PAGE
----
Monday, January 11, 2010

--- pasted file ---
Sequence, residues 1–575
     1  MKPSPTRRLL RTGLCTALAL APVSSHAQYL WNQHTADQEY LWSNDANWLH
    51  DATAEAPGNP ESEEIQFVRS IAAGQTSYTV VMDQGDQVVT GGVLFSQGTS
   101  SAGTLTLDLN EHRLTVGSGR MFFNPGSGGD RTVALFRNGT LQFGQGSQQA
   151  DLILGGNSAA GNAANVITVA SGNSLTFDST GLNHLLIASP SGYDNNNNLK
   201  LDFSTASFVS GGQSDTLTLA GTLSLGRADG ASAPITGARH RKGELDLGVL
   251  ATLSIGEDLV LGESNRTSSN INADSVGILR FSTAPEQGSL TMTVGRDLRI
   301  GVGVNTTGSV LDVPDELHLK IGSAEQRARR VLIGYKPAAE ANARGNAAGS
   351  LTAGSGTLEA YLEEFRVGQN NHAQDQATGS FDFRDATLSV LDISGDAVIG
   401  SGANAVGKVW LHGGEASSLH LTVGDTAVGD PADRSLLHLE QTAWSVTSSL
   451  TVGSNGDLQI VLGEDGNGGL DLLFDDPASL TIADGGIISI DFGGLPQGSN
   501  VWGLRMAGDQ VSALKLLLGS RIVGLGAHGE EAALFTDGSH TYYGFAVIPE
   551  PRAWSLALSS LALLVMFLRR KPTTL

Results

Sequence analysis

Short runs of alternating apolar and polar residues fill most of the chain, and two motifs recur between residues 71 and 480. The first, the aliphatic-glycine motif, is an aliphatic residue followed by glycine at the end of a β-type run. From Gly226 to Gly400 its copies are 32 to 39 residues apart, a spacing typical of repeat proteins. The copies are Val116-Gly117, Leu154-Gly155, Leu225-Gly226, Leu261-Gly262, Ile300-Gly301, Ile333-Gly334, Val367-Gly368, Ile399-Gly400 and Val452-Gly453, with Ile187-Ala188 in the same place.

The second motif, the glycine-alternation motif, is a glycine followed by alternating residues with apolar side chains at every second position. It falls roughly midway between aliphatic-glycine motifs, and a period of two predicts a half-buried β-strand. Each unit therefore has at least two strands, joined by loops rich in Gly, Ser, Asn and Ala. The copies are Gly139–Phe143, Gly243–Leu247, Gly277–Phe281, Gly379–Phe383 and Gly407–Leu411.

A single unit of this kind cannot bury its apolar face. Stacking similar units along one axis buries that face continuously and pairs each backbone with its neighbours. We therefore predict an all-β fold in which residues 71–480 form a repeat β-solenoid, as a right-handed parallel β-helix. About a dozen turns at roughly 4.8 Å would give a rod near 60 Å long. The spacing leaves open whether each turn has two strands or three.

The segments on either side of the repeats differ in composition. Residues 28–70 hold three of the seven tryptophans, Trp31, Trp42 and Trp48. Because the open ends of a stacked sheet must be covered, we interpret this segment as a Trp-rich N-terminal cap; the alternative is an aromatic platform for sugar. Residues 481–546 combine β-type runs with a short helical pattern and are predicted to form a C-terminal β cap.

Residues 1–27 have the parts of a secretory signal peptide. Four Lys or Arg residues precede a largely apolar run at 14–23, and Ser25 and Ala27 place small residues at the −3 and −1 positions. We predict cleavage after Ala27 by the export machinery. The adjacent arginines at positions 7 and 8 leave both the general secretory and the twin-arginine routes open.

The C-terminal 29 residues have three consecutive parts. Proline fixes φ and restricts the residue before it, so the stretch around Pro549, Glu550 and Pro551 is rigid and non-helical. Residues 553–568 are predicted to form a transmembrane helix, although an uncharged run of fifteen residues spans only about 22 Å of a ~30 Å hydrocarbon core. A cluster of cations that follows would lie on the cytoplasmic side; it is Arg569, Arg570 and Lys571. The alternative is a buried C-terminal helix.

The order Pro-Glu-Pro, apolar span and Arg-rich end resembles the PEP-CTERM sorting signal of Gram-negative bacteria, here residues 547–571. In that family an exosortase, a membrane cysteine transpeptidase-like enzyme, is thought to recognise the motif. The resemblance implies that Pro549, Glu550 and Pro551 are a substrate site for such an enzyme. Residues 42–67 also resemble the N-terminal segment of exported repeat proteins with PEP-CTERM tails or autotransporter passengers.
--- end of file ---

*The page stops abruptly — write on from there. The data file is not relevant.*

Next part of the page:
I require my students to write many highly structured essays, and I often remind them that it’s a LeBron James-like endeavor. James, after all, is required to work within a very structured set of guidelines. There are dozens of clear-cut rules he must abide by as he goes about producing his astounding feats in a basketball game, to say nothing of the relatively small dimensions of the court upon which he must perform. In addition, he has a coach and teammates who expect him to follow a game plan that, at his level of play, is no doubt detailed and convoluted. It might seem to be a miracle that he is able to be so creative within all this structure, but I see it differently: his creativity, I believe, is enhanced by the structure. Imagine if he had to follow no rules, no game plan, and there were no boundaries to the court. Imagine if he could do whatever he pleased with the ball, including double-dribbling, running while carrying the ball, and even dashing up into the stands with the ball, or outside the building and down the street. It sounds ridiculous, mostly because we know he wouldn’t be fun to watch anymore. We know, when we think about it, that it’s precisely the rules and boundaries that make his creativity so noteworthy. Working within the rigid structure of the game, LeBron James is a maker of marvels because of the structure. I sometimes remind my students of this when I give an essay assignment -- tell them again that all the rules and guidelines I set up for their essay assignments are actually designed to help them set their ingenuity free. I tell them I would be doing them a disservice if I simply said, “Write whatever you want however you want to”, because who is impressed by a writer – or basketball player – who isn’t pushing against or bouncing off or stretching or manipulating or dancing with (as James does) a structure and a set of rules? To put it another way, who is impressed by a writer or athlete (or any type of artist, for that matter) who faces no challenges or obstacles? Where is the creativity in that? My final reminder to the students is that perhaps the most creative writer in our language, Shakespeare, wrote all his plays and poems within very strict guidelines, including the fairly inflexible formula of iambic pentameter. He discovered that the most exciting creativity lies hidden inside structures and rules, and so, I think, has LeBron James – and so, I hope, will my students.

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